The new iPhone 5 is here. It's thinner and faster than ever, with a new form factor that uses a gorgeous panoramic screen with more resolution and less consumption. It also surfs the web much faster, thanks to its new LTE capabilities. And, as rumoured, it has a new smaller dock connector called Lightning.
Overall, it seems Apple has incrementally improved every aspect of the iPhone. It's not a revolutionary phone, but it's a solid upgrade.
The iPhone 5 looks exactly like what we saw in leaked photos, including a unibody aluminium body with a glass screen. "It's thinner than ever," says Phil Schiller. Specifically, it's 18 per cent thinner than the previous iPhone, which puts it at 7.6mm thick. Apple is also claiming that the iPhone 5 is the world's thinnest smartphone. It's actually the world's thinnest LTE smartphone.
It's also 20 per cent lighter than the current iPhone, weighing just 112 grams. You have a choice between two-tone black/slate or white/silver models.
According to Jon Ive, Apple has "never built a product with this extraordinary level of fit and finish". He claims that the "variances from product to product is now measured in microns".
Apple claims that the new 4-inch panoramic screen with 16:9 aspect ratio has 44 per cent more saturation than the previous iPhone, which makes the display on the new iPhone 5 full sRGB. The display has its touchscreen sensor built in.
How does it work? Instead of having two layers — the pixels of the display and the touch sensors — Apple says "the pixels do double duty, acting as touch-sensing electrodes while displaying the image at the same time". Apple says it's crucial to getting the phone thinner and lighter. And since there's nothing between the glass and the pixels, the image on the screen is much clearer. Apple says that that no other phone in the market has this technology.
As expected, the iPhone 5 uses LTE connectivity, so browsing the web and streaming media will be be a much faster experience compared to the current iPhone 4S. It supports all the standards needed for all carriers: HSPA+, DC-HSDPA and LTE. Apple says that its single-chip solution works everywhere.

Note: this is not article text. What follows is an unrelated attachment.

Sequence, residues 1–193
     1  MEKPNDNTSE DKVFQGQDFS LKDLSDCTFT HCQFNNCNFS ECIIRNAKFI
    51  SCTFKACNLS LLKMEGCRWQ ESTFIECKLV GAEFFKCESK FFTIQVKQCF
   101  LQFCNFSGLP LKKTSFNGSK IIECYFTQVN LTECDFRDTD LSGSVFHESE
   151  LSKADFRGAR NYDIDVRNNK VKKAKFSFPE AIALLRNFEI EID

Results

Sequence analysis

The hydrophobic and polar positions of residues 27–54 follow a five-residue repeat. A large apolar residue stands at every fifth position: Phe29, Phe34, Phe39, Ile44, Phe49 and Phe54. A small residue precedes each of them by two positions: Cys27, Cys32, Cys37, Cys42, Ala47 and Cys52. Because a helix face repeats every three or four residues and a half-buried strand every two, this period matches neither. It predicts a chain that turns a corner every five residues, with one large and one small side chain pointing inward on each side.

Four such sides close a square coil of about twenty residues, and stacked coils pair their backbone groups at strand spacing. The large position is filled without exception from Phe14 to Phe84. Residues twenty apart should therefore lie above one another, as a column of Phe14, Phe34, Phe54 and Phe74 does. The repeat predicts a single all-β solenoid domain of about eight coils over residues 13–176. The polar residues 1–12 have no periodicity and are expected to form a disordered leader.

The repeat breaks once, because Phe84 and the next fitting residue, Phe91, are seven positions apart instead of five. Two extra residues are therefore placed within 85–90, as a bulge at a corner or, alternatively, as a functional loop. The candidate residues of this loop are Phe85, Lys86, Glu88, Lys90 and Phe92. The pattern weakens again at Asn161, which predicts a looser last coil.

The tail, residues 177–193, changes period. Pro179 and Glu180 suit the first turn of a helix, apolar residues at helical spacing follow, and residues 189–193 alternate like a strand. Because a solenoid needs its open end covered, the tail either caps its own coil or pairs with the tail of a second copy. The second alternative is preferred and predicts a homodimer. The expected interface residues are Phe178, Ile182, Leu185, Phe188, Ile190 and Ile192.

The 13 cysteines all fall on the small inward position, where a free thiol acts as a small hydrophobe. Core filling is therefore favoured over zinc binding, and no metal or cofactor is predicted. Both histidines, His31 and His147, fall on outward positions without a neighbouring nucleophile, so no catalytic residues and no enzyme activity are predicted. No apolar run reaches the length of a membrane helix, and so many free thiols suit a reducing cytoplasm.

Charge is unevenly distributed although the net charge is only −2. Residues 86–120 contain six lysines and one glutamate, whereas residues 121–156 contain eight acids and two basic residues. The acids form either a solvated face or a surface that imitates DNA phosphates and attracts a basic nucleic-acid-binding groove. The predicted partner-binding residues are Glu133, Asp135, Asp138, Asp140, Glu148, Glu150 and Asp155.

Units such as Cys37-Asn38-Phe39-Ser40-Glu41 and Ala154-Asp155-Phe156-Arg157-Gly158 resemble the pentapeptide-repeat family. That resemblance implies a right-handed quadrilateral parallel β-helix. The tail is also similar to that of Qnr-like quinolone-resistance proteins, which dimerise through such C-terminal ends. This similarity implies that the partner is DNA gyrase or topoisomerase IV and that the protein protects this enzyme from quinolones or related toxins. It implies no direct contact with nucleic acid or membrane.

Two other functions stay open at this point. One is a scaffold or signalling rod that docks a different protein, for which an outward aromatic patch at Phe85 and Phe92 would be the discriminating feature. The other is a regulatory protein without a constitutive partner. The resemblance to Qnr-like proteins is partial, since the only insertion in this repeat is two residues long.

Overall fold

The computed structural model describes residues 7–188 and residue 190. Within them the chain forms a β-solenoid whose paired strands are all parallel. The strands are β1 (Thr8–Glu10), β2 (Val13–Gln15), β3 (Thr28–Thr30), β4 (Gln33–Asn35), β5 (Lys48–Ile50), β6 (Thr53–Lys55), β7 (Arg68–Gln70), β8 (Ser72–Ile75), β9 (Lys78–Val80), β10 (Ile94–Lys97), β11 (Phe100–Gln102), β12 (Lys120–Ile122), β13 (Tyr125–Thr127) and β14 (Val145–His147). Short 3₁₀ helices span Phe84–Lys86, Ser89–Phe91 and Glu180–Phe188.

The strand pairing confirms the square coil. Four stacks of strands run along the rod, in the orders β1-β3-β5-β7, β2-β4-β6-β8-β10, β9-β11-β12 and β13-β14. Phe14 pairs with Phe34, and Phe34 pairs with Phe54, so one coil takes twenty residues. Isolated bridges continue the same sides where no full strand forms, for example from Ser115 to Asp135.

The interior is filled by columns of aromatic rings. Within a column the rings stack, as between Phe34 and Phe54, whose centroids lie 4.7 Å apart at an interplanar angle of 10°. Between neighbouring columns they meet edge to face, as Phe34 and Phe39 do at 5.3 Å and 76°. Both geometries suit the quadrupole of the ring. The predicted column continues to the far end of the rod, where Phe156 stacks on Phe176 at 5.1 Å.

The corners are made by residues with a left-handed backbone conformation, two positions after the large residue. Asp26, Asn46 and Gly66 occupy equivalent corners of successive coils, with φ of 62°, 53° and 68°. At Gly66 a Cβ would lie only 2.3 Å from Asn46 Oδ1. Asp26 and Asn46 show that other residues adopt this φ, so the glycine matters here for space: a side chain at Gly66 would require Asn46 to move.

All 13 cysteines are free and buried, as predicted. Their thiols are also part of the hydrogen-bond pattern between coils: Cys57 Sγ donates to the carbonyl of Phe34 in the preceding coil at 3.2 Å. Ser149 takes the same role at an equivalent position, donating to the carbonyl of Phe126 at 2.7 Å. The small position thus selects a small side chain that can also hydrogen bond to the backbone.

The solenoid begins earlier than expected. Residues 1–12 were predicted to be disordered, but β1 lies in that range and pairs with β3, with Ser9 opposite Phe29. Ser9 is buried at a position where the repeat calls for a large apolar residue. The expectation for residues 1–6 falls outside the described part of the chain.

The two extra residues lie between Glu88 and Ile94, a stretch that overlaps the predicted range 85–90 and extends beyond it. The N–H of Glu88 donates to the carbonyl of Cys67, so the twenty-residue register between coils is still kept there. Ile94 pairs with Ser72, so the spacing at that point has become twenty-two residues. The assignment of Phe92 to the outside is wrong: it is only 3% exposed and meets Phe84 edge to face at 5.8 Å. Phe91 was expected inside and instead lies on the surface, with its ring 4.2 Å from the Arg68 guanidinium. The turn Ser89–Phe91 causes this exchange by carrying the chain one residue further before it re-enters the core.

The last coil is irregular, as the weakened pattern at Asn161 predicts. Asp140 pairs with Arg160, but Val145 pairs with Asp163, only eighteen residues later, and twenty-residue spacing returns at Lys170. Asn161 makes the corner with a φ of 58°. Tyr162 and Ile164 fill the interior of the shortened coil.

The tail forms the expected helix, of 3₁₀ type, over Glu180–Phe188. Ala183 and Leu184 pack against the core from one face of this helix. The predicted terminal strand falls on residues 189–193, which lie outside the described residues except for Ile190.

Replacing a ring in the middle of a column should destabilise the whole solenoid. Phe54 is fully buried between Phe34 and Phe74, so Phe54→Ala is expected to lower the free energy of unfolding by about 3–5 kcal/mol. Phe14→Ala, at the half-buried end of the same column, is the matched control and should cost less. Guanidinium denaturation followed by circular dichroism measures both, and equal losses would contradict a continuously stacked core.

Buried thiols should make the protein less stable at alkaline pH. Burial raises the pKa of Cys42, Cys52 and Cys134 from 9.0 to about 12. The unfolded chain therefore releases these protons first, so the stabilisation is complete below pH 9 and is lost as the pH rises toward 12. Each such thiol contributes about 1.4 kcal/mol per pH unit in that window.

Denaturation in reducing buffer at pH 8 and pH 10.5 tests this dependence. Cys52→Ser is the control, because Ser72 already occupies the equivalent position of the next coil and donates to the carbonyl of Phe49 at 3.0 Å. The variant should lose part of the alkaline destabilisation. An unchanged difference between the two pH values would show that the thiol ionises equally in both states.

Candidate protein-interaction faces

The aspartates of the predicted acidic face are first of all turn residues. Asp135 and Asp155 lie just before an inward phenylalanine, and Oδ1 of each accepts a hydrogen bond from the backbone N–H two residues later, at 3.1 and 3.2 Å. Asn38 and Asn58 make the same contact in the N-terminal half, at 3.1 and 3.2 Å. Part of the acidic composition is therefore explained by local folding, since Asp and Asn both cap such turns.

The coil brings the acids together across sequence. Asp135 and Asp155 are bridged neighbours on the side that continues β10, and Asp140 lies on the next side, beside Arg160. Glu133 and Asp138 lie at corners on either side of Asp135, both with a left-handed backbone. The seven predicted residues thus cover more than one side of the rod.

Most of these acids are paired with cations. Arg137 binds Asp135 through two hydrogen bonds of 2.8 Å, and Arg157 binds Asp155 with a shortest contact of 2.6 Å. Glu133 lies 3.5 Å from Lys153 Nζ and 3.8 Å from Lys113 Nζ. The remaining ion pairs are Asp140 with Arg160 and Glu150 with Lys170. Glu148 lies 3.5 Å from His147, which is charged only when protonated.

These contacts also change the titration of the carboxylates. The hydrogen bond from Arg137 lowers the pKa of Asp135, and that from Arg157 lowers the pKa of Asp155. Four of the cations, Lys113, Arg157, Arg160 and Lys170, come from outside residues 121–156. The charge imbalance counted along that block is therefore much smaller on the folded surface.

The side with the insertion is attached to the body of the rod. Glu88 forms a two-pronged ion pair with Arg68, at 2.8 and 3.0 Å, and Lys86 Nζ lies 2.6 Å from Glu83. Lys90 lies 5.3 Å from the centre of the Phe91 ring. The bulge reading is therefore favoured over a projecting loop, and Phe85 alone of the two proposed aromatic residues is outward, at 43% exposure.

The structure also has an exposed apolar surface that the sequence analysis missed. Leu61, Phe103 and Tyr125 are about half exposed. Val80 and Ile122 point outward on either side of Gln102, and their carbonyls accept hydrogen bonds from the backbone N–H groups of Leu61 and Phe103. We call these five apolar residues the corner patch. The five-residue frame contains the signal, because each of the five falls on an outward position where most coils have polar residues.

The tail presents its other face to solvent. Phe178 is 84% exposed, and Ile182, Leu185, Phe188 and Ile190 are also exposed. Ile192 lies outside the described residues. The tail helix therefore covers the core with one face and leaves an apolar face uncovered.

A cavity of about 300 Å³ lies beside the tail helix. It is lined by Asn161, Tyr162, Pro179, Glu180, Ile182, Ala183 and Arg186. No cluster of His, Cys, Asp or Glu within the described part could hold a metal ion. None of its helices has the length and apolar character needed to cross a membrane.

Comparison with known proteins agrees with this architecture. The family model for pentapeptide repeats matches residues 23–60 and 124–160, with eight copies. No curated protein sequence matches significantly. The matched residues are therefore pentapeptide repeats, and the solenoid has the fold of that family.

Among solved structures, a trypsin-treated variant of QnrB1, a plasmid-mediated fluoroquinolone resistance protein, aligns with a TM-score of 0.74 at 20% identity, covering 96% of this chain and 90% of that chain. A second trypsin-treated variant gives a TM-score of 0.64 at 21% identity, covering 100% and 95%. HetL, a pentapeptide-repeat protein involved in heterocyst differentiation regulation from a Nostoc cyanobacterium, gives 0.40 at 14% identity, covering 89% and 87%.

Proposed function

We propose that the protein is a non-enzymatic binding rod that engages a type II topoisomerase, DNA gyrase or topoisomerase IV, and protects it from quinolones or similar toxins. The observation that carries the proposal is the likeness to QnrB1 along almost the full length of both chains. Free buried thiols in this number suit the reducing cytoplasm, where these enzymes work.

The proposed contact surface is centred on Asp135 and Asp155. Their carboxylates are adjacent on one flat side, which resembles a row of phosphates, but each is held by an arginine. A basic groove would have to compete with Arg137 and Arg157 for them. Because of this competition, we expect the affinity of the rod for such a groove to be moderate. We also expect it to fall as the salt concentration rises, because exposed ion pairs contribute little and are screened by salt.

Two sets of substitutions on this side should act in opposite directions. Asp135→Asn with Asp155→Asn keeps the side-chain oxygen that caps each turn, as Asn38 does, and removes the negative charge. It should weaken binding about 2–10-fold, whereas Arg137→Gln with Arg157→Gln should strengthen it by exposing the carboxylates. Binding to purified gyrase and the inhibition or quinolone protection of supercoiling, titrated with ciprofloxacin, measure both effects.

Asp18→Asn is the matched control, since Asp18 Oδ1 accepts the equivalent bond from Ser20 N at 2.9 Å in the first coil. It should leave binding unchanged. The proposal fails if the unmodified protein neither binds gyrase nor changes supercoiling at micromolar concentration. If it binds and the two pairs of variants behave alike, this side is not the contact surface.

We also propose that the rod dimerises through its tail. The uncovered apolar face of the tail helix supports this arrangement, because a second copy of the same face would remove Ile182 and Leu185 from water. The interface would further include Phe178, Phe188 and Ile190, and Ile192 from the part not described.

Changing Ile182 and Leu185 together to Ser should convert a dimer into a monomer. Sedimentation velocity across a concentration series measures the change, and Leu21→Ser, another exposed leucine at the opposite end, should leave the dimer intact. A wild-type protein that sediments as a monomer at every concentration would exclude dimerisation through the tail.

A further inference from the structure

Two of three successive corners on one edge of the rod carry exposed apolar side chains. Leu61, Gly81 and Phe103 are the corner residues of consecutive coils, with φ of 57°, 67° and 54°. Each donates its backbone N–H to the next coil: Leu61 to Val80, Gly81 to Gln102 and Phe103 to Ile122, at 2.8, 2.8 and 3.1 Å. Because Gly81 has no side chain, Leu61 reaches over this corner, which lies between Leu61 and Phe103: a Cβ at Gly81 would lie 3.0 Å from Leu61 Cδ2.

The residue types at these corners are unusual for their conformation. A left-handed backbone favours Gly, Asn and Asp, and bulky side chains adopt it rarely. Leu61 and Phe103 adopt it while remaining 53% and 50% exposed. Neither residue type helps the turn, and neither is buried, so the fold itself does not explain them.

The iPhone 5 also has dual-channel 5GHz Wi-Fi (802.11n), which allows for 150Mbps maximum connectivity speed.
Apple claims the iPhone 5's new A6 chip is twice as fast as the A5 chip in the iPhone 4S, both in CPU and graphics. In real terms, Apple claims that it loads web pages 2.1 times faster.
Apple claims eight hours of 3G talk time, eight hours of LTE browsing, 10 hours of Wi-Fi browsing, 30 hours of video watching and 225 hours on standby. If this turns out to be true in real terms, it will be impressive.
Apple has also updated the camera. It does better than the iPhone 4S, with a five-element lens, 8MP sensor (3264x2448), backside illumination, a new hybrid infrared filter for better colour, and a nice f/2.4 aperture.
It has a new dynamic low-light mode (I wonder how it compares to Nokia's) and a sapphire crystal construction. When you consider how scratches on the lens can make photos look less crisp, this is good news. Sapphire crystal is the hardest thing you can get this side of a diamond.
The new image-processing chip has spatial noise reduction technology that reduces noise in areas of an image that need it, while leaving the rest of the image alone. As a result, Apple claims that low-light photography performs much better than it did on the previous iPhone.
Here's an image taken with the new iPhone, which Apple claims to have not retouched:
Image capture is 40 per cent faster, Apple says. The iPhone 4S camera was pretty fast, so it will be interesting to see how that increased speed feels. Certainly, there's no such a thing as fast enough when it comes to taking photos.